The photos on the face side of the competitors' cards vary only slightly. Topps' shots were snapped by its four photographers during last year's exhibition and regular seasons. Those on Fleer and Donruss cards were largely culled from the private stocks of free-lancers.
The biggest differences in the cards are found on their flip side. Fleer cards are backed with dry-as-dust stats. Donruss uses fewer numbers; instead, it offers career highlights that tend to read like medical case histories. You get to know an awful lot about Dave Edwards' appendix, Tom Hausman's ulcers and Joe Charboneau's groin. And Donruss cards have a lot of the sort of errors one might expect of a rookie. To cite several examples, the picture identified as Vern Ruhle is actually of Bob Forsch; Johnny Ellis' name appears under Danny Walton's photo; and Bobby Bonds, who isn't even in the major leagues anymore, is credited with 936 career home runs, which no doubt comes as news to Henry Aaron.
Topps mixes the numbers on the back of its cards with cartoons, as it has done for the past 20 years. Its most memorable card this year shows Angel Catcher Bob Davis looking like a man possessed and informs us that he "lists snake hunting among his favorite pastimes."
Inside information like this is why Jack Renner, 9, of Norwalk, Conn. prefers Topps. "You get to know the player's fantasies," he says. "It's a lot better hobby than watching TV." And more fun than chewing the gum. Renner considers the rosy slabs to be too brittle, so he mostly throws them up in the air to watch them shatter on the pavement. "Topps gum isn't really bad and Donruss gum's O.K., I guess," he says, "but Fleer's is the awfullest stuff anybody ever tasted." Renner knows what he's talking about; Peck admits, "It's Fleer's lowest-quality gum."
While Donruss gum may be chewable, its cards are the least flippable. "They're too flimsy," claims Leo Lunser, 32, the undisputed card-pitching champion of Sanford, Maine. "You can't get the good flip."
Another thing that bothers Lunser is the photography on the Donruss cards. It's indistinct, he says. Indeed, the Jim Kern card is the worst of a collection that is rife with washed-out and bleary photos. "Donruss cards look too posed," Lunser says. "I can visualize the photographer saying, 'O.K., lift the bat a little now. Now, tilt your head....' "
Jack Wallin, of course, would disagree. He's the rookie photographer who took most of the Donruss set. He thinks his shots are the most artistic. "I'd stack my 300 best against anybody else's best 300," he says flatly.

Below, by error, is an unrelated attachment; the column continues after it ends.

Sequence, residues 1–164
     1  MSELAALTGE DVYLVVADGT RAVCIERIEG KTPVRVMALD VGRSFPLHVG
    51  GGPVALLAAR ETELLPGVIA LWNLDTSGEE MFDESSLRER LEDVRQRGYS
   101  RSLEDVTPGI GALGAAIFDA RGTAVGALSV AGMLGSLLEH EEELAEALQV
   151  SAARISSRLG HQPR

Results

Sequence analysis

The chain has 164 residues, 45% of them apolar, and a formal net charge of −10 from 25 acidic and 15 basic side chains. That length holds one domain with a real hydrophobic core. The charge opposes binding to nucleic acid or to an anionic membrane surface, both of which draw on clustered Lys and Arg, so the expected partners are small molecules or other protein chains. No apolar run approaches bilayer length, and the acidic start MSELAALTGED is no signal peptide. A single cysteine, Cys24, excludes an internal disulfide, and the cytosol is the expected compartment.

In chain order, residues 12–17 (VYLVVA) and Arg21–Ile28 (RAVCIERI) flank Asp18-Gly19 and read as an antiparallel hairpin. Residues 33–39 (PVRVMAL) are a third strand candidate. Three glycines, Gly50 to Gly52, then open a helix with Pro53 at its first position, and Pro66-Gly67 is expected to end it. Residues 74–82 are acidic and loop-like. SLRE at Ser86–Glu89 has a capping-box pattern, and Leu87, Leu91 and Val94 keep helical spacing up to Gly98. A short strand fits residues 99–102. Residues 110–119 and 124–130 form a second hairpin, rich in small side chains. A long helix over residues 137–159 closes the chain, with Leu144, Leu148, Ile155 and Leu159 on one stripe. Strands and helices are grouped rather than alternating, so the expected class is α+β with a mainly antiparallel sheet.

Fleer contract photographer Steve Babineau thinks art has very little to do with it. "If you have three Richie Hebners, two will be fundamentally the same," he says. "What can ballplayers do except stand around holding a bat? Kids just want the athlete's face anyway."
Every spring the bubble-gum card photographers shuttle from training camp to training camp like traveling salesmen hitting small-town dry-goods stores. At 74, George Heyer has been covering the territory for Topps for nearly a quarter of a century. He has been around so long it's rumored he carries the negative of an Abner Doubleday card in his camera bag. Heyer was responsible for the famed 1964 Don Mossi ugly card, on which the ears of the former Tiger pitcher appear to droop down to his knees.
"Look this way," Heyer tells a young Reds hopeful. "Push your cap back. Drop your head. I want to see your number." Flashbulbs pop like supercharged fireflies. The rookie winces.
Heyer pauses to load his camera. He sighs, squints at his roster, takes off his glasses and cleans them on his shirttail. He is unperturbed by the player tapping his shoulder.
"Can I get one without my helmet?" asks Sam Mejias. "I've been on cards for four years now, but always in a helmet."
Heyer nods. "If they're sad, I tell them to cheer up a little," he says. "I don't really care, though. I can't wait around for them to cheer up. To be perfectly honest, I never look at baseball except when I'm sent down here."
Some players don't care if Heyer ever comes around. "I used to be embarrassed to go out and pose," recalls Al Kaline. "They always got me before games on the road, and the fans would be yelling, 'Hey, Kaline, you bum.' I'd ask the photographer to use the card from the year before. Hell, I was on 21 of them."
There may be 10,000 mug shots of Kaline in Chicago's Sport Collector's Store, which houses about 18 million baseball cards. Among 1981 cards the Collector's Store is selling slightly more Topps cards than Fleer or Donruss. In fact, Topps is selling just as many cards as it was before the card wars began. Jack Renner, for example, is one card-carrying kid who's sticking with Topps—but, then, that's the only brand they sell down the block at Mike's Deli.